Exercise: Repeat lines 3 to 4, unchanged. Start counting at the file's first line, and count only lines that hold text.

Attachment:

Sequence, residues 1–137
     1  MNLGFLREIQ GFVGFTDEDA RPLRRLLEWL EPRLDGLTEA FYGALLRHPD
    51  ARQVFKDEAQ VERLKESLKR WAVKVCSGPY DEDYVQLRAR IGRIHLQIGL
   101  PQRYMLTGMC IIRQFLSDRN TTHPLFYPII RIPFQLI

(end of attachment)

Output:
    51  ARQVFKDEAQ VERLKESLKR WAVKVCSGPY DEDYVQLRAR IGRIHLQIGL
   101  PQRYMLTGMC IIRQFLSDRN TTHPLFYPII RIPFQLI